Hundreds of Palestinians and Jews came to show support for Palestinian poet Dareen Tatour last week, who has been under house arrest for almost two years for publishing a poem on Facebook.
By Yoav Haifawi
Hundreds of Israelis and Palestinians crowded the hall of Jaffa’s legendary Arab-Hebrew Theater last Wednesday to show their solidarity with Palestinian poet Dareen Tatour. Tatour, who has been under house arrest for nearly two years, was arrested for publishing a poem and two statuses on Facebook.
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In the days leading up to the event, there was a mounting pressure to cancel the event by both Israeli leaders and members of the press.
It began with right-wing extremists who called for a counter-demonstration in front of the theater. The demonstration never materialized, but was quickly endorsed by Culture Minister Miri Regev and Finance Minister Moshe Kahlon, both of whom threatened to withhold funding to the theater. Ironically, the opposition event helped to raise consciousness to Tatour’s case, bringing hundreds of supporters to overcrowd the theater hall.
Exposing the logic of persecution
The event organizers, including poets Tal Nitzan and Alma Katz, writer Ofra Yeshua-Lyth, actress Einat Weizman and producer Khaled Jabarin, succeeded in putting together a program that was short, diversified, informative, and intense. +972 Magazine’s Orly Noy, who hosted the event, opened by describing Tatour’s story since she was arrested on October 2015, after which she spent three months in prison and is still under house arrest. Meanwhile, her trial over a poem and two statuses published on Facebook — which the Israeli authorities deemed forms of “incitement” drags on. Dareen’s father, Tawfiq, thanked everybody for their solidarity and accused Israel’s leaders of incitement against the Arab population, and against anyone who struggles for a world without occupation and racism.
Gaby Lasky, Tatour’s lawyer, spoke about the paradox at the core of the indictment. Following the murder of Palestinian teen Muhammad Abu Khdeir at the hands of three Jewish Israelis in 2014, Tatour published a status in which she wrote “I’m the next martyr.” While her intention was to protest the killing of the innocents and the notion any Arab in this country could be killed for no reason, her prosecutors misinterpreted it as a call to violence.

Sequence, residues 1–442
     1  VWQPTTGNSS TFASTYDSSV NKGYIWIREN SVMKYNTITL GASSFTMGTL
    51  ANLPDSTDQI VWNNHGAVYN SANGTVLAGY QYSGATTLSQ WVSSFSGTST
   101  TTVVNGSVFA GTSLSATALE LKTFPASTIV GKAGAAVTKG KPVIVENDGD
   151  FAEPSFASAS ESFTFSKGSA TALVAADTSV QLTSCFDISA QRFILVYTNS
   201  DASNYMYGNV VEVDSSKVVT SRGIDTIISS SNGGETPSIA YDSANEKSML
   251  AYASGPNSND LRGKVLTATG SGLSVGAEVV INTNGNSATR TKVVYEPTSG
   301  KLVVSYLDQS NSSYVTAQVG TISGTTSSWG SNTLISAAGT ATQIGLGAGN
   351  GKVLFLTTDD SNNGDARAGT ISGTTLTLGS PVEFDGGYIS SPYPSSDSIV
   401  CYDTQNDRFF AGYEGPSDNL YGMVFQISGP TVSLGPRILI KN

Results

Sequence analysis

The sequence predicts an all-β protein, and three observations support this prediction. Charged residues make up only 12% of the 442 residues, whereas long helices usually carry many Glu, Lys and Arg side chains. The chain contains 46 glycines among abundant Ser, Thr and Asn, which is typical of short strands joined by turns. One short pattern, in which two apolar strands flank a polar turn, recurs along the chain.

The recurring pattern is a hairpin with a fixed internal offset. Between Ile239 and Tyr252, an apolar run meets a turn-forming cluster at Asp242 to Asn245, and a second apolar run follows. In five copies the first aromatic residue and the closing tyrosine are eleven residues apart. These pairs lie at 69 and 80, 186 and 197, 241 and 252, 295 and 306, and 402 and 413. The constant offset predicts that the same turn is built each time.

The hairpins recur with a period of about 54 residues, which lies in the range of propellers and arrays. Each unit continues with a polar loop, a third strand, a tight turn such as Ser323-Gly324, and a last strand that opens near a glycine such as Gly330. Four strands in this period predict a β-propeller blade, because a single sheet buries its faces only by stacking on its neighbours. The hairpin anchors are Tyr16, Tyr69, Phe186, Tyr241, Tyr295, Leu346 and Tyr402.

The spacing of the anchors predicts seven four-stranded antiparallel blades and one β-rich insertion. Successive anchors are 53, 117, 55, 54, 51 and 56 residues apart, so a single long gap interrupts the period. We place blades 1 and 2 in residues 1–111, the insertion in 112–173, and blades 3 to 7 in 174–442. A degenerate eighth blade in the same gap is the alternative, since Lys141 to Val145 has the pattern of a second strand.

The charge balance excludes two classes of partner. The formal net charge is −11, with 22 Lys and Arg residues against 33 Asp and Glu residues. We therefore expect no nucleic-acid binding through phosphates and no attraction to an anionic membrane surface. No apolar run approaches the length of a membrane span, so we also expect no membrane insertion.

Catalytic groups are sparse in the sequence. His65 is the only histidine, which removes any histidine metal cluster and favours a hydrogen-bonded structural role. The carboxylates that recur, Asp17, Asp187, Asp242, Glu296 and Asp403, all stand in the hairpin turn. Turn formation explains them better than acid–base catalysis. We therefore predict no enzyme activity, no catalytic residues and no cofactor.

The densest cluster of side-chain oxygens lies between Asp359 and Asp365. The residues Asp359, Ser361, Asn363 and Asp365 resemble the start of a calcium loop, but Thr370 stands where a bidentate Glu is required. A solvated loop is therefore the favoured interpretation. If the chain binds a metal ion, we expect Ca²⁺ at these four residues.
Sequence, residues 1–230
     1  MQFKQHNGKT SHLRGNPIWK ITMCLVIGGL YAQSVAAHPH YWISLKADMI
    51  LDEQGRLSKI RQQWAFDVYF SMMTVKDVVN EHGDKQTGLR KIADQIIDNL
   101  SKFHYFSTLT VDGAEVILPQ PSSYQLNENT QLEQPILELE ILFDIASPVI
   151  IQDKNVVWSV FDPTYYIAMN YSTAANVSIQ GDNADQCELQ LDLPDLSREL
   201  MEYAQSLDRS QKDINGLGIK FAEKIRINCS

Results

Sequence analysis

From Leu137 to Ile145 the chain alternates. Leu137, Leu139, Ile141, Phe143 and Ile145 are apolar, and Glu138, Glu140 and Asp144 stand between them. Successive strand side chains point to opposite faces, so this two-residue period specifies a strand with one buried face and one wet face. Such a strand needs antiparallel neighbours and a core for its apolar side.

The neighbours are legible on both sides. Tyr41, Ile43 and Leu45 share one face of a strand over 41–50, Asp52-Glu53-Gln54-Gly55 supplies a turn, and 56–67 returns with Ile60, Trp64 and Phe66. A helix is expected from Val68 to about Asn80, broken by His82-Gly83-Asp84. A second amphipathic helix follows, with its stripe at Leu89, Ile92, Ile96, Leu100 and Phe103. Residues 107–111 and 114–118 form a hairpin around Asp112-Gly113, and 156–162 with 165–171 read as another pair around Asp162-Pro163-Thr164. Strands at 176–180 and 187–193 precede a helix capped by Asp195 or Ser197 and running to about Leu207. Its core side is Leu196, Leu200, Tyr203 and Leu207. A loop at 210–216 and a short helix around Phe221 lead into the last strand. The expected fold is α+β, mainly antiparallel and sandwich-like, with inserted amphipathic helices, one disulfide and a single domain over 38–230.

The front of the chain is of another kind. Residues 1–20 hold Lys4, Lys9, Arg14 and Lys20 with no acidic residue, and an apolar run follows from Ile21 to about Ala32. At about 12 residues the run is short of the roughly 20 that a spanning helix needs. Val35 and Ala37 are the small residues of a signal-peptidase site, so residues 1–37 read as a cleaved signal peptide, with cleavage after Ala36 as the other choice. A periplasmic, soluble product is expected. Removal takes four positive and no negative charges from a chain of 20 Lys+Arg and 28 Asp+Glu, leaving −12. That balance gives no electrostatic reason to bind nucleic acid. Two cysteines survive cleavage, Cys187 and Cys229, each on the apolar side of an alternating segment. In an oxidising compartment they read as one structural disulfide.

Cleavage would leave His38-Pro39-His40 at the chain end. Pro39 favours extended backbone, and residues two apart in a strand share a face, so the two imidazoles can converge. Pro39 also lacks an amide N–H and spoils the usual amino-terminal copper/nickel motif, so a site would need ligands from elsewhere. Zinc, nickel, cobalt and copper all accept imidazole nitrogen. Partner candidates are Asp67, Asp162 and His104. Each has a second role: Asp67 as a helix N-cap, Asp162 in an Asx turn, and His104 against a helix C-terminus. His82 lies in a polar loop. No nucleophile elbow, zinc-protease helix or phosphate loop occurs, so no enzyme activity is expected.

Anas Abudaabes, a Bedouin journalist from the Negev, told the crowd about how he was arrested in November 2016 for publishing a satirical Facebook post denouncing those who celebrated the wildfires — falsely blamed on Palestinians — that were ravaging the country at the time. His interrogator used Google Translate to counter Abudaabes’ explanation of his post, while three judges consecutively signed his remand.
Breaking the chains of silence
As her trial drags on, the conditions of Tatour’s house arrest have been somewhat relieved. Meanwhile, however, successive court decisions have attempted to continue silencing her — the latest of which stated that she is not allowed to publish anything, directly or through others, and is also prevented from using the Internet, reading the news, or from attending any political gathering.
One way around this is through republishing Tatour’s previous works. Poets Sheikha Hlewe and Rachel Peretz translated some of the poems that were read aloud by Dareen Tatour on International Women’s Day in Nazareth in 2013. On Wednesday night, Hlewe and Peretz read some of these poems — which were recently published in Haaretz — in both Arabic and Hebrew. Speaking mostly about the oppression of women, the poems sound prophetic today, as they speak about the persecution of the innocent and about Tatour “chewing my shackles.”
Fellow poets read various works in solidarity. Tal Nitzan read two poems by Bertolt Brecht. Yasser Abu Arisha read a poem dedicated to the Arab women who are victims of violence and murder and Eitan Kalinsky read a poem describing how the Hebrew language was contaminated and defeated by the occupation. Meanwhile Michal Ben Naftali read thoughtful excerpts about victimization from her book, The Teacher, while Dana Amir read a poem dedicated to Dareen Tatour that she wrote especially for the event.
The highlight of the evening was a short play that was based directly on the protocols of Tatour’s trial. Directed by Einat Weizman, and read aloud by actors Doron Tavori and Liora Rivlin, the play exposed the absurdity of the prosecution’s position, trying to define what a poem is and what the rights of a poet are, specifically during the prosecutor’s cross-examination of Professor Nissim Calderon and Dr. Yoni Mendel, as recently highlighted in an article by Yehuda Shenhav in Haaretz.
The night finished with a performance by Palestinian hip hop artist Tamer Nafar, accompanied by Israeli musician Itamar Ziegler. He performed two of his big hits, “Who’s the Terrorist?”, which could have been written especially for Tatour’s trial, and “If Only”, the theme song from the 2016 film “Junction 48,” in which Nafar stars alongside Samar Qupty.
Despite the grim nature of Tatour’s trial, the event goers were in high spirits. Noy closed out the evening by urging the crowd to continue following the trial and raise their voices against injustice.
Yoav Haifawi is covering Dareen Tatour’s trial in his blog, Free Haifa.